In the 2nd Bomb Wing's Public Affairs office airmen write, shoot and edit stories about life on Barksdale. They also give a voice to every airmen, no matter his position.
"As communicators, our primary goal is to tell our airmen's story, to let people have the spotlight a little bit because these airmen working off the flightline in the dark corner of a hangar don't alwasy get the attention they deserve," says Tech Sgt Mike Andriacco who believes, "it's absolutely one of the best jobs in the Air Force."
These are the "real" war reporters and photographers. They get down and dirty, doing whatever it takes to get the scoop. "In alot of ways not only do we get to tell the story we get to experience first hand," Andriacco says.
Aside from reporting the news on base, public affairs airmen also take offical portraits of every person working or living on base. "It's busy all the time, we're in the studio all week," says Senior Airmen Amber Ashcraft. She's also responsible for the "darker side" of the job, taking photos during emergency situations that range from car crashes on base to bombings during deployments.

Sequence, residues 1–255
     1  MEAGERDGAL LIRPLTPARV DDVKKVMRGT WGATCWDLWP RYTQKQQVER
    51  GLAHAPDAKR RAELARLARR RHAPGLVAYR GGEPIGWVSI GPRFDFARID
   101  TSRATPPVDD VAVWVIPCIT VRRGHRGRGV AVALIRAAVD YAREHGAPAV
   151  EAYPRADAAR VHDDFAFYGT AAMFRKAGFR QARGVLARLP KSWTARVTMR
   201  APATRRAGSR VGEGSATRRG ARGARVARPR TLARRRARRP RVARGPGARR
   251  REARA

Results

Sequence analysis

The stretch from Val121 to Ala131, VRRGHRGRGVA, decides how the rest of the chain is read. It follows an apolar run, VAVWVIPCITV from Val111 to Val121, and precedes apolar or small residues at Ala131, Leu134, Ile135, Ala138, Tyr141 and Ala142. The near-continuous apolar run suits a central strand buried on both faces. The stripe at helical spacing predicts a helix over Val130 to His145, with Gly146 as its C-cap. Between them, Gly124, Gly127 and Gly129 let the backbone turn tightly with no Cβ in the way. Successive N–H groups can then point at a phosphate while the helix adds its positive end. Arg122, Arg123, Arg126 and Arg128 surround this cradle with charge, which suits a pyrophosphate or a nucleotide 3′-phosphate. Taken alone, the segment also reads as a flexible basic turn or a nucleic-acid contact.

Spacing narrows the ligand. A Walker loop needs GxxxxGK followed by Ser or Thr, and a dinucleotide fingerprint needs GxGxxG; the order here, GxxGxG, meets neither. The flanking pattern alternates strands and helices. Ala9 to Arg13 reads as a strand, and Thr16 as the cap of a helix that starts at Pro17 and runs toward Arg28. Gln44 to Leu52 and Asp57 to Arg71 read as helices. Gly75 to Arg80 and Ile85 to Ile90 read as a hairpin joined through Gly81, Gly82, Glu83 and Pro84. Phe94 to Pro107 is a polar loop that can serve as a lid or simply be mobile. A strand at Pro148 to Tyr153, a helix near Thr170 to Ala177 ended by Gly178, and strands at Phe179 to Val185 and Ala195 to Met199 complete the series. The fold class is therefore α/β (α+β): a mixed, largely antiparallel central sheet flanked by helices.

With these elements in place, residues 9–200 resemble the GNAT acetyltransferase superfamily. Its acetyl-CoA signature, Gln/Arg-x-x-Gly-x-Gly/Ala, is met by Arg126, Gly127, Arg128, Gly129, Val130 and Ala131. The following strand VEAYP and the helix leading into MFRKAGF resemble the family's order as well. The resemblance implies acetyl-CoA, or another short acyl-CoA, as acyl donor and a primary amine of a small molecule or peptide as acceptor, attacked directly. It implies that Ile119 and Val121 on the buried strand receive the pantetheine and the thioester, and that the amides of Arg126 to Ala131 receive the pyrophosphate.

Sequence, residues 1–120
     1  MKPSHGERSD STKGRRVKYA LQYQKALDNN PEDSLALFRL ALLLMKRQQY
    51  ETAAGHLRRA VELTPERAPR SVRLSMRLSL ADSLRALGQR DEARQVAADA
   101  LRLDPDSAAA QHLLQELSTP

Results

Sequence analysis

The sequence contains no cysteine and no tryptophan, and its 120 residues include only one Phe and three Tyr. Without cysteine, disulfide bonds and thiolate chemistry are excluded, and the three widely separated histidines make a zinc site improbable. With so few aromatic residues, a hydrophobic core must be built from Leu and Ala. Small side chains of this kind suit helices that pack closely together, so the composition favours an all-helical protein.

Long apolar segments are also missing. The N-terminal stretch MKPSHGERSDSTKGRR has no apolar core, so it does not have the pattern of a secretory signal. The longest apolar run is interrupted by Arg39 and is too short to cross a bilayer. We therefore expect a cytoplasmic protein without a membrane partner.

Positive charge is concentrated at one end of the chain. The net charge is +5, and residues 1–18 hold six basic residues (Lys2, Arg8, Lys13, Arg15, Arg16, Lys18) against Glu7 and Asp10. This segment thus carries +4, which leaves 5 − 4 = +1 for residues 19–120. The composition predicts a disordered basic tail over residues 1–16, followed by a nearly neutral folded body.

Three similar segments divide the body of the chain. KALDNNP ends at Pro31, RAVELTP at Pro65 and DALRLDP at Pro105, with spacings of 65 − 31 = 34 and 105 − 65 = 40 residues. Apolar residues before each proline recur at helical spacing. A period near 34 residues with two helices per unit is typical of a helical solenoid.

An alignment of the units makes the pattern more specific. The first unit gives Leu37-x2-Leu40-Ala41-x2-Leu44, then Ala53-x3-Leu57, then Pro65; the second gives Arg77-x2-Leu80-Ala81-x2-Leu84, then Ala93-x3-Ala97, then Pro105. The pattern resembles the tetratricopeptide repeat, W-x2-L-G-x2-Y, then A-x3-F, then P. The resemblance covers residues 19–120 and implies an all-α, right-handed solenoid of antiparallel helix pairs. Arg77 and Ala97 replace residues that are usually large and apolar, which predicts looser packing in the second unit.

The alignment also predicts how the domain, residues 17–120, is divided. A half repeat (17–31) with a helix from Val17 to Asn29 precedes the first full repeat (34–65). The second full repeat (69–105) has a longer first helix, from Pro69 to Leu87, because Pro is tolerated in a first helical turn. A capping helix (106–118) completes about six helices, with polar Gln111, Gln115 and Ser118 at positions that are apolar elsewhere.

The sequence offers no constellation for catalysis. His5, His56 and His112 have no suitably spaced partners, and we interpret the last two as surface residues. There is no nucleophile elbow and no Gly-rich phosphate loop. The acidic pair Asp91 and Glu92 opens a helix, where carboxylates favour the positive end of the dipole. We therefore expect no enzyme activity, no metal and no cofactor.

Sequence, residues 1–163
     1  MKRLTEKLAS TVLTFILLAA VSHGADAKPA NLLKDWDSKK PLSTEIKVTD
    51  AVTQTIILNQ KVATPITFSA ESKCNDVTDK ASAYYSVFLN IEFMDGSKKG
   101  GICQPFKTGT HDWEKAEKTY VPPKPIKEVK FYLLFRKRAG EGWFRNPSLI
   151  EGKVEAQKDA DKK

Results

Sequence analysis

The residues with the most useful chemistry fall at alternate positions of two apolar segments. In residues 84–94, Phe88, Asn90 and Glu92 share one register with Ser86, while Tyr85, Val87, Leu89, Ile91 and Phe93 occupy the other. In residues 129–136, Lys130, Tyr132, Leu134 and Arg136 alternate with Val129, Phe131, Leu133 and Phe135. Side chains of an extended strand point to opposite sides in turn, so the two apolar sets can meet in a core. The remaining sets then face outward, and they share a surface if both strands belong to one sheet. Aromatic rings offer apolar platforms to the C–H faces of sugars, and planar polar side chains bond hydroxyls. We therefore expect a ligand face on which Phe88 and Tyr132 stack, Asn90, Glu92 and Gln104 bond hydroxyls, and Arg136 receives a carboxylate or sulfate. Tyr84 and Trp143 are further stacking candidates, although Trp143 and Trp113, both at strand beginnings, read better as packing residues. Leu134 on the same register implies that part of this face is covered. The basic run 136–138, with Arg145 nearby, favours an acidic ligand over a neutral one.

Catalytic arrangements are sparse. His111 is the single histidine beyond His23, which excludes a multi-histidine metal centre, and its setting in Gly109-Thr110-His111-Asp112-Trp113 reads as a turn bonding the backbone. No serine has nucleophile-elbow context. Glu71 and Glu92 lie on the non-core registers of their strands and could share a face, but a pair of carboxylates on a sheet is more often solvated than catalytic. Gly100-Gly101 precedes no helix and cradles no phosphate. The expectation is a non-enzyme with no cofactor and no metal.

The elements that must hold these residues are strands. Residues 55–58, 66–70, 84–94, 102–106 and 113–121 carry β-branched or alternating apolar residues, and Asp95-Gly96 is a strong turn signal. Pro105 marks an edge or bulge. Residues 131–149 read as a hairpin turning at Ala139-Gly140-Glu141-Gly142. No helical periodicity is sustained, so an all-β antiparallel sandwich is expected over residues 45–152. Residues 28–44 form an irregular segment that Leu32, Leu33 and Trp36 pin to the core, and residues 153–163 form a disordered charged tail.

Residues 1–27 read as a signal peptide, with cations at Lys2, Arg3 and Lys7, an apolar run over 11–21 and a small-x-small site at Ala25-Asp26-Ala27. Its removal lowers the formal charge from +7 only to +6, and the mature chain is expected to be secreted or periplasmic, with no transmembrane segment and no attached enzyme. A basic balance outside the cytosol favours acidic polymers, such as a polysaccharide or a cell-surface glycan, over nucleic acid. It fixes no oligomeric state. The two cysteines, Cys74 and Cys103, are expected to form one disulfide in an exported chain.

"It's behind the scenes kind of deal," Ashcraft says. She admits its those photos that leave the biggest impact, "its one of the parts of the job thats demanding and also a little upsetting at times. We see things alot of people don't get to see." The best way she's found to deal with this, is keeping a distance between herself and what she sees through the lense. "It wears on you after a while, everybody sees us out with our cameras smiling, talking to people, they forget that behind the scenes we have an important job to do."
Airmen telling the story of war because they've lived through it and defending our freedom, camera in hand.